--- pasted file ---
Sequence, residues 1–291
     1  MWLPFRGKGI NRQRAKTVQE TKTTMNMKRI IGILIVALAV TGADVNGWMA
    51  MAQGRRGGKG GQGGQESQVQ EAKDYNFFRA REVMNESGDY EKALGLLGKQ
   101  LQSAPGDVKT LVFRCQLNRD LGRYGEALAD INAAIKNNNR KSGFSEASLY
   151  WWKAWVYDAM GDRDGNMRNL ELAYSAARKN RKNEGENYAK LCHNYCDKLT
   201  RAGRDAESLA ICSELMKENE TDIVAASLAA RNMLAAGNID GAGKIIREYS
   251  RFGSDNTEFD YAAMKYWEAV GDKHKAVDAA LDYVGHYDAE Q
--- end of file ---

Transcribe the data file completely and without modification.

Sequence, residues 1–291
     1  MWLPFRGKGI NRQRAKTVQE TKTTMNMKRI IGILIVALAV TGADVNGWMA
    51  MAQGRRGGKG GQGGQESQVQ EAKDYNFFRA REVMNESGDY EKALGLLGKQ
   101  LQSAPGDVKT LVFRCQLNRD LGRYGEALAD INAAIKNNNR KSGFSEASLY
   151  WWKAWVYDAM GDRDGNMRNL ELAYSAARKN RKNEGENYAK LCHNYCDKLT
   201  RAGRDAESLA ICSELMKENE TDIVAASLAA RNMLAAGNID GAGKIIREYS
   251  RFGSDNTEFD YAAMKYWEAV GDKHKAVDAA LDYVGHYDAE Q